Our leaders are working closely with federal and state officials to ensure your ongoing safety at the university.
Stay up to date with the latest developments at
Clinical rotations are arranged on a 3-month block schedule. Each rotation pairs the resident with one (rarely two) attending who has a team including a designated nurse and an administrative assistant. Each attending has a primary disease-site concentration, but may see a small number of patients with other types of cancer as well. Residents focus their reading and clinical learning, as well as their end of rotation oral exam, on the designated disease-site.
Resident activities include attending Tumor Boards, reviewing medical records and ensuring the proper work-up has been completed, deciding on the plan for treatment with the patient, and prescribing radiation.
Starting the first day of residency, the resident is involved in treatment planning, from ensuring proper simulation, to contouring, and reviewing radiation plans. Residents work with the attending to provide continuity of care for their patients throughout treatment and follow-up.
Residents see patients with early stage tumors post-lumpectomy, as well as post-mastectomy and patients that have completed neoadjuvant chemotherapy.
Residents are exposed to a wide variety of both malignant and benign tumors of the brain and spine. There is an emphasis on an understanding of imaging techniques, and their interpretation and use in planning.
UCSD treats a substantial number of GI patients with esophageal, gastric, pancreatic, liver, and colorectal and anal cancers using 3D-CRT, IMRT, and SBRT.
Our GU service includes primarily prostate (definitive and post-op), bladder, and testicular cancers, as well as cases of penile and urethral cancers.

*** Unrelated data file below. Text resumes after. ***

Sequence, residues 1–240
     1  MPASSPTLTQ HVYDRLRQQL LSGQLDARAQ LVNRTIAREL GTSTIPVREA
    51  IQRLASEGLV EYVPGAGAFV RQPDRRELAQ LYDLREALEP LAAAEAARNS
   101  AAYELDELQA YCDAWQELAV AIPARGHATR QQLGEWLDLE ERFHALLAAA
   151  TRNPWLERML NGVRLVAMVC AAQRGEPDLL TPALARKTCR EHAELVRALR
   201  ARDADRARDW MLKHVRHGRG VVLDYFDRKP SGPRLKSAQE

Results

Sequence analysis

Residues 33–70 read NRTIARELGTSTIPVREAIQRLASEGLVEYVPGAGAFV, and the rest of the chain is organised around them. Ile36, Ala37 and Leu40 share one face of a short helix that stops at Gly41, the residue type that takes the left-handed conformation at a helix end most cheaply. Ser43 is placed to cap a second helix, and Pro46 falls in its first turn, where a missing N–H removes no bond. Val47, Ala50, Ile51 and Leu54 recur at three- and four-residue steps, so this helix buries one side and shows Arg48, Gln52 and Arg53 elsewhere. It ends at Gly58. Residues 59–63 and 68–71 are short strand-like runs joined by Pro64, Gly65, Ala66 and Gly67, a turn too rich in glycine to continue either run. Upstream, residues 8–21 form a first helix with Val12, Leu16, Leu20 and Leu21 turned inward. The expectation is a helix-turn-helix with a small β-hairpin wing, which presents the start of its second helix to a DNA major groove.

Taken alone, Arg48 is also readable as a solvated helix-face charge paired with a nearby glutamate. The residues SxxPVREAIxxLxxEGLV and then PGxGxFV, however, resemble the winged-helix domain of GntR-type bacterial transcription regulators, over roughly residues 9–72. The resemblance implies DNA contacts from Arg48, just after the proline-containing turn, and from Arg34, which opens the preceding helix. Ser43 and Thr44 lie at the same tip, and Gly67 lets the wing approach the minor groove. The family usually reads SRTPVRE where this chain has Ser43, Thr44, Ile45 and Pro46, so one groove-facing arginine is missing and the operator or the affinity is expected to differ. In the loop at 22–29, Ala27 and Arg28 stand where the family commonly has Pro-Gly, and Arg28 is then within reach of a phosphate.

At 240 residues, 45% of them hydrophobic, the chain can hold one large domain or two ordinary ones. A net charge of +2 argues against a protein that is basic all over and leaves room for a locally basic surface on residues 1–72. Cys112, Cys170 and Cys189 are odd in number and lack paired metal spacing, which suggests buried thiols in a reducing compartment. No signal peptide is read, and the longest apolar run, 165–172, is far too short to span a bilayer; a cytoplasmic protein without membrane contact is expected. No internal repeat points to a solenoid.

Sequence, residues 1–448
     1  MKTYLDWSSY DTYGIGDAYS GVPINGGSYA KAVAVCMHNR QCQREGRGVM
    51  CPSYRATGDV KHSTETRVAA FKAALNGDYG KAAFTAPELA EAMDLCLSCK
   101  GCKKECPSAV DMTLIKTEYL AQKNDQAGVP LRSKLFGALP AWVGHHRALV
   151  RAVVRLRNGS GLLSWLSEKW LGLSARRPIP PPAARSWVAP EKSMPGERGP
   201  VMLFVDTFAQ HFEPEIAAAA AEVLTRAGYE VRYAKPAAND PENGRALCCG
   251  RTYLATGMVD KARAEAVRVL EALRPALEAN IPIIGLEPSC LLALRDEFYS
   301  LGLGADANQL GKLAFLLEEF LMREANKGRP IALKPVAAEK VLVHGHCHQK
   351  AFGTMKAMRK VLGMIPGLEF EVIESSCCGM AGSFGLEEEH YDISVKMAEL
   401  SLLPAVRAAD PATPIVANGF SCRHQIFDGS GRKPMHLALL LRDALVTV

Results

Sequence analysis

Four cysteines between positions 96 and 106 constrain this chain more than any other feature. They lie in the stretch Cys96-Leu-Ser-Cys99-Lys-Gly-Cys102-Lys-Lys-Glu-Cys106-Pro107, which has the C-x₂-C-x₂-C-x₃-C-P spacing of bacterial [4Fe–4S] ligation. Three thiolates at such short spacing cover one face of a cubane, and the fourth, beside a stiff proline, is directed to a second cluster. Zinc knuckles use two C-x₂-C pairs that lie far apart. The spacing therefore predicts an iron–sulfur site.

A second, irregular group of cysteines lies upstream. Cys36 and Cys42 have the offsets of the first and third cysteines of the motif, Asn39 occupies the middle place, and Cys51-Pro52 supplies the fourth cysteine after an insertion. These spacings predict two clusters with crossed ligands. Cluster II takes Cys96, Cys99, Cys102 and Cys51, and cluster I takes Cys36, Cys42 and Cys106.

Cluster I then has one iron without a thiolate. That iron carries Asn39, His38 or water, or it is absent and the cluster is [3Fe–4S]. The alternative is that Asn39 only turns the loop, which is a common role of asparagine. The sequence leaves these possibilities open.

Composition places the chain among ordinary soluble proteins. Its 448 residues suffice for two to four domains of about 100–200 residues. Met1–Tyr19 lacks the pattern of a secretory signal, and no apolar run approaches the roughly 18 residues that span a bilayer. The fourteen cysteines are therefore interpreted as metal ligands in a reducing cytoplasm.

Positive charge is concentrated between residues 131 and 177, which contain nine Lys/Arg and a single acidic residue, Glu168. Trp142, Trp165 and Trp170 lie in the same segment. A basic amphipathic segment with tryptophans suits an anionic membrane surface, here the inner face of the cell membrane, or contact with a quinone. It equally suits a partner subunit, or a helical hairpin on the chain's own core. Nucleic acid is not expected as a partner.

Residents are involved with the treatment of all GYN cancers including cervical and endometrial cancers, but also vulvar and vaginal cancer.
Our Head and Neck service includes a variety of patients with tumors of the oropharynx, nasopharynx, larynx, hypopharynx, salivary gland, and thyroid.
Our Hematology service is one of the largest lymphoma programs in the country, due in large part to collaborations with medical oncology.
All residents are supported for a one-month international elective.
Our lung cancer service includes primarily primary lung cancer (both NSCLC and SCLC), as well as thymoma and mesothelioma.
Residents are involved in the palliative treatment of patients with uncontrolled primary and/or metastatic disease.
Our pediatrics rotation is combined with proton therapy, given that the majority of our pediatrics patients now have access to protons for treatment.
Three San Diego County satellite clinics (Encinitas, 4S Ranch, South Bay) are approved for residents to spend one block in their last year.
In San Diego there is a particularly high volume of skin cancer, allowing one of our research attendings, Dr. Andrew Sharabi, to dedicate his primary clinical focus to this disease.
Each rotation ends with a form “boards style” oral examination, performed by the Chair, Program Director and Service Chief. The exam is not tailored to the year of the resident but instead exposes all residents to an actual exam scored on the traditional 5-point scale and delivered without prompts or feedback, allowing residents to gauge their progress throughout the residency.